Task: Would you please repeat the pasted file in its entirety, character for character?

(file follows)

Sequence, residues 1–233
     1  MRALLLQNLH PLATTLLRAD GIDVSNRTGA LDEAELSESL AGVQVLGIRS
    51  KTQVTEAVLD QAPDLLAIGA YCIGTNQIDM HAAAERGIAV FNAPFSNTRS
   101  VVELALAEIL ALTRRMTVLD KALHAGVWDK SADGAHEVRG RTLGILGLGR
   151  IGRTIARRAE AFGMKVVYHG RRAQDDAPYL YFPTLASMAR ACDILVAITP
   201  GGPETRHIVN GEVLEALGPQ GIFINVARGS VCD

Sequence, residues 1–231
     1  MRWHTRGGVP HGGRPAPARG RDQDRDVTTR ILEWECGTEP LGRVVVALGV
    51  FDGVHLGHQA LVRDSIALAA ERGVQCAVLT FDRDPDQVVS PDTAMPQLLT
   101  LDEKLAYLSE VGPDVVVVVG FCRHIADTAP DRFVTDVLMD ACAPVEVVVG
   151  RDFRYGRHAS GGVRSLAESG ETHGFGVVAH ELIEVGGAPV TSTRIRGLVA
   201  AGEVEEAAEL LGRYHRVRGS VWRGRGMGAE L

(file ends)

Sequence, residues 1–233
     1  MRALLLQNLH PLATTLLRAD GIDVSNRTGA LDEAELSESL AGVQVLGIRS
    51  KTQVTEAVLD QAPDLLAIGA YCIGTNQIDM HAAAERGIAV FNAPFSNTRS
   101  VVELALAEIL ALTRRMTVLD KALHAGVWDK SADGAHEVRG RTLGILGLGR
   151  IGRTIARRAE AFGMKVVYHG RRAQDDAPYL YFPTLASMAR ACDILVAITP
   201  GGPETRHIVN GEVLEALGPQ GIFINVARGS VCD

Sequence, residues 1–231
     1  MRWHTRGGVP HGGRPAPARG RDQDRDVTTR ILEWECGTEP LGRVVVALGV
    51  FDGVHLGHQA LVRDSIALAA ERGVQCAVLT FDRDPDQVVS PDTAMPQLLT
   101  LDEKLAYLSE VGPDVVVVVG FCRHIADTAP DRFVTDVLMD ACAPVEVVVG
   151  RDFRYGRHAS GGVRSLAESG ETHGFGVVAH ELIEVGGAPV TSTRIRGLVA
   201  AGEVEEAAEL LGRYHRVRGS VWRGRGMGAE L